This idea will cause many to shudder in repulsion.
It’s not inconceivable that football fan culture may experience a paradigm shift that would change the way the sport is consumed drastically.
What if, in a few years’ time, fans supported players rather than teams?
A decade ago this notion may have been dismissed outright.
But Cristiano Ronaldo and Lionel Messi’s duopoly has changed the game.
Prior to the former’s recent transfer to Juventus, the five-time Ballon d’Or winners were the respective figureheads for Real Madrid and Barcelona.
The La Liga rivals are two of the most globally supported sports teams and the outrageous talent of their best players led to widespread tribalism.
But El Clasico has nothing on Messi v Ronaldo.
Real Madrid and Juventus have a combined 74.5 million followers on Instagram.
Ronaldo has 137 million.
Barcelona have 58.2 million followers.
Messi has 97.3 million.
While the clubs would never admit it, these players, with their near-mythical legacies, are bigger than their employers.
It is difficult to measure the number of fans who have already switched their allegiance from Real Madrid to Juventus since Ronaldo’s transfer.
The Italian club have benefited from a significant spike in social media engagement since the announcement.
The Old Lady are on course for a record year in terms of shirt sales and Serie A viewing figures are expected to skyrocket.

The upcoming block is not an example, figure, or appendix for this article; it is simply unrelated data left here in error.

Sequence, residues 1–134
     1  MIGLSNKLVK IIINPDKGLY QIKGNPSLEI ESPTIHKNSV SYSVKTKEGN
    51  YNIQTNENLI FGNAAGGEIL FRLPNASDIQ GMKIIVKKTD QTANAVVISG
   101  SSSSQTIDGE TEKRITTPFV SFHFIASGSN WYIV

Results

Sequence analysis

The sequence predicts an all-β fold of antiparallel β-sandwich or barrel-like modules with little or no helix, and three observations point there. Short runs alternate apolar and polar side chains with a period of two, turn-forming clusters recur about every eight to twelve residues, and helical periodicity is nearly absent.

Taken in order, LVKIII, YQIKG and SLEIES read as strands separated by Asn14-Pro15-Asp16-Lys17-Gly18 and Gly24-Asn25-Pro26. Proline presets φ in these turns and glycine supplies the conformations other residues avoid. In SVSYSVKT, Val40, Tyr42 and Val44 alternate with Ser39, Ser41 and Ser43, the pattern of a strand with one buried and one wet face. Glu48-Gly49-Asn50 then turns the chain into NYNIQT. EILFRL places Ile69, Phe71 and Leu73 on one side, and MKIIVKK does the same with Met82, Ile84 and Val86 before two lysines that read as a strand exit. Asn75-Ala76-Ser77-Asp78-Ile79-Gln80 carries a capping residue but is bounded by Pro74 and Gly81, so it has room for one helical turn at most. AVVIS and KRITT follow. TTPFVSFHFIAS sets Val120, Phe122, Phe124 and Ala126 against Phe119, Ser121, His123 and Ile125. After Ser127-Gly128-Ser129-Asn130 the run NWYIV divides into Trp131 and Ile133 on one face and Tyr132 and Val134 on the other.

Ronaldo’s gravity can not be underestimated.
Is it so ridiculous then, to imagine a future in which fans align themselves with certain players over a single club?
Such supporters would behave in a similar manner to the current generation; cheering on the team, relishing in a rival’s misfortune.
It’s just that the focus would be on a specific player and if they moved on, the fan would follow.
Such a trend is likely to occur for top-level individuals only — maybe just those who are universally considered to be in the top ten or twenty players at the time.
Those who support their team because it is their local club, or a family tradition, are unlikely to sever semantic ties.
But as football increases its global reach and profile, those who live in countries deprived of a notable league will continue to follow the top European leagues.
These fans are no less passionate about the game but they are perhaps more inclined to feel attached to certain players, rather than the abstract concept of a club.
Think about it, rather than supporting Real Madrid, you decide to follow Cristiano Ronaldo, Mohamed Salah and Kylian Mbappe.
You celebrate when they win, commiserate when they lose, you buy shirts with their name on the back.
And when they retire you simply move on to the next one.
It’s a concept that will disgust some, but it could happen.